Lean and green is sometimes thought of in terms of switching off printers, changing lights to LEDs, avoiding printing e-mails, and the like.
Four years ago, at the AME Conference, Hunter Lovins gave a keynote telling the delegates – all lean practitioners – that things have moved on from Ohno and Shingo’s days and that, had they been alive today, Ohno and Shingo would certainly have included ‘green’ in their lists of wastes. These would include the wastes of energy, water and improperly used materials. So, yes, there are opportunities for lean and green audits by extending the list of wastes and including them in mapping or kaizen activities. Dan Jones’ maxim of ‘wearing your muda spectacles’ certainly needs a green tint.
Although useful, this narrow view is not what Lovins had in mind, I suspect. “Doc” Hall, lean godfather, speaks about ‘compression’ – learning to live lean in a world where growth and consumption is no longer the aim. Keynes also thought this possible once a certain level had been achieved. Almost everything we own is in a buff er waiting for the final trip to the tip or sewerage farm or, unusually, to a recycler. As with lean, buffers need to be the minimum necessary.
I recall a LERC postgraduate doing an exercise in a lean cell that managers considered to be very lean: she pulled out savings worth thousands and astounded the managers. Such energy- and material-saving activities are not new – but integrating them into ‘lean’ may bring significant results.
The real opportunities lie, as ever, with a ‘questioning culture’. Consider the story of William (later Lord) Armstrong, father of much of the present UK armaments industry. Trained as a lawyer, he was nevertheless fascinated by hydraulics. Looking at a water wheel he wondered what was the most efficient way to run it – flow over the top, flow under the bottom, which direction should the wheel turn, and what container was best to capture the force of flow. I am ashamed to say that I have walked past many water wheels without such thoughts entering my head. Not Armstrong. Multiple experiments followed. The outcome was a whole industry, including cranes, arms and even the ‘accumulator’ used to power, free, the lifting of the roadways of Tower Bridge. Armstrong was one of the innovators that inspired Sakichi Toyoda to foster a questioning culture, direct observation, experimentation, and improvement.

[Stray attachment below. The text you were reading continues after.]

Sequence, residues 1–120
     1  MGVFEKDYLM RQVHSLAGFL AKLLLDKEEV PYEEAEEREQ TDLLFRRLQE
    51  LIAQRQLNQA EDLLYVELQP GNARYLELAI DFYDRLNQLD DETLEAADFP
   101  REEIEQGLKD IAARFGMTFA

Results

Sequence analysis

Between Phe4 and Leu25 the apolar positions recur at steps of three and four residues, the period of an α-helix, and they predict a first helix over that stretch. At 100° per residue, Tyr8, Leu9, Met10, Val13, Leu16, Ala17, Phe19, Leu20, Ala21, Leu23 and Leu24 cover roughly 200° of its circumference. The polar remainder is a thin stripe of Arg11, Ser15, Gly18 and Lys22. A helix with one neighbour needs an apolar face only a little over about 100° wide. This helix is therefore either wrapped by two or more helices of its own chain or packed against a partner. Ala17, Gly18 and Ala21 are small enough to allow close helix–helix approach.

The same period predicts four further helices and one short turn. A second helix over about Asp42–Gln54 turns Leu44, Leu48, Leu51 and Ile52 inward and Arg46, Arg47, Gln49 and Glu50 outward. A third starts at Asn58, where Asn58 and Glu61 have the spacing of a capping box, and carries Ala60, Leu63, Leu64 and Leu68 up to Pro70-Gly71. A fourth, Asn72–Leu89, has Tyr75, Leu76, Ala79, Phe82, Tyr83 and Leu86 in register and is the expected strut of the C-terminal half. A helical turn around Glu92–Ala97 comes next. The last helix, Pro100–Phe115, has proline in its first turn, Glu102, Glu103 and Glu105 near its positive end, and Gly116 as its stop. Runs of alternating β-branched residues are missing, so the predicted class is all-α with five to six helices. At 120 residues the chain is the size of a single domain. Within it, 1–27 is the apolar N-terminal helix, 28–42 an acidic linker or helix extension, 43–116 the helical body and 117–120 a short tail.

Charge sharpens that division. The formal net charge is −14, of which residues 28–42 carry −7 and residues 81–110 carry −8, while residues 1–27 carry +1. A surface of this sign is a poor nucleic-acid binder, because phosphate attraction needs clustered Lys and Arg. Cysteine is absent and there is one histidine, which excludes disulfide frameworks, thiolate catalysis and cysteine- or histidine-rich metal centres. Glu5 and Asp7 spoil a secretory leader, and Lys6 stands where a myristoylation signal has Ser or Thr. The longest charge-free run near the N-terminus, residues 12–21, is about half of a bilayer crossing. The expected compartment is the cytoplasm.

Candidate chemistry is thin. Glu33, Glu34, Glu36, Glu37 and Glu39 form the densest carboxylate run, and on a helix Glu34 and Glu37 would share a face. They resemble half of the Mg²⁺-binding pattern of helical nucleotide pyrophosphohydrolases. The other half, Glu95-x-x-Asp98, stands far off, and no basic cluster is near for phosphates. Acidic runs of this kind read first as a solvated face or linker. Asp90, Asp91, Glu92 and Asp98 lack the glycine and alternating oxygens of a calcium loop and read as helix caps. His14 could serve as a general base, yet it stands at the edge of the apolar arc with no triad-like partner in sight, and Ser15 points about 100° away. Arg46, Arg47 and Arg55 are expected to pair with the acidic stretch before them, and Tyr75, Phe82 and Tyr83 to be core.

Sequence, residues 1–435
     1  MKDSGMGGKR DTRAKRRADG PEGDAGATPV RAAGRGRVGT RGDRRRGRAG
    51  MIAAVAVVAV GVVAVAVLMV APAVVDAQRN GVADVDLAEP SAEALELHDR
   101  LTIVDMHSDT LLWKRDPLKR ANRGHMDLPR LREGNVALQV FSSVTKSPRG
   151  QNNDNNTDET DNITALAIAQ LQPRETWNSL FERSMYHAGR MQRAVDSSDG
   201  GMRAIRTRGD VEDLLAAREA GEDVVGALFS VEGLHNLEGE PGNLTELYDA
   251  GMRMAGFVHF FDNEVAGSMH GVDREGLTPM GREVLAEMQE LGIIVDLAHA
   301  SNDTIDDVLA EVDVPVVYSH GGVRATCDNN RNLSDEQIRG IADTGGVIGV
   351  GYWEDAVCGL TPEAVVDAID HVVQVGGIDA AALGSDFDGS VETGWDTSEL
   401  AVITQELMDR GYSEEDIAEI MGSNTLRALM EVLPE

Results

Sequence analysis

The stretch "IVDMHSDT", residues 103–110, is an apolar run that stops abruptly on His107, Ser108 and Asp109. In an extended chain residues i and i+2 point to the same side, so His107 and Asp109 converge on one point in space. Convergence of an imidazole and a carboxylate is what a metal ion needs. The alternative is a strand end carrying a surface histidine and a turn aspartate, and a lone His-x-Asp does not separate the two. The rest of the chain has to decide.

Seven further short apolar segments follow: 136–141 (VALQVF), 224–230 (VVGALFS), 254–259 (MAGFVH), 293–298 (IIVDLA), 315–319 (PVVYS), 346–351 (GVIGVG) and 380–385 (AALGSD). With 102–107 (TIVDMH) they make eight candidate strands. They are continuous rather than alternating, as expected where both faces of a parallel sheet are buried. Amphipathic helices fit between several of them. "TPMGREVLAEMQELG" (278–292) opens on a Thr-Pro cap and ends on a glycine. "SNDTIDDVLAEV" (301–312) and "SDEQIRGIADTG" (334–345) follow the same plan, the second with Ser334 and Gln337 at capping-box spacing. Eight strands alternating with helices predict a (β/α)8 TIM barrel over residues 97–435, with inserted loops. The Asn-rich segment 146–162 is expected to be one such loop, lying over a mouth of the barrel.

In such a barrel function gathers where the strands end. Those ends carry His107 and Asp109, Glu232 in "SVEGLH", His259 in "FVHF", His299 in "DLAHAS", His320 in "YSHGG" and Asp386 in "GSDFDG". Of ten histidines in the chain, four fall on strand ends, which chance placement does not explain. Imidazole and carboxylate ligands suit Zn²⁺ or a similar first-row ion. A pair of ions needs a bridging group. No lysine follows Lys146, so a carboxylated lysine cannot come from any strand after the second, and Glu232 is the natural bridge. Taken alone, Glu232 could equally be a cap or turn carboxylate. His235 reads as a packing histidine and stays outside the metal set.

The gemba is only the start. Many more opportunities lie upstream or downstream for those with a questioning culture. Moving upstream, design has a challenging role in giving customers no more than they need – like the iPad replacing the laptop and newspapers. Further, the quest for low cost has sometimes led to supply chains that are good for cost but ridiculous for energy. Downstream there are huge green opportunities for ‘servitisation’ where the provider takes over usage, maintenance and recycling – everything from car to carpets. Real ‘lean and green’ needs to involve all three of people, planet and profit.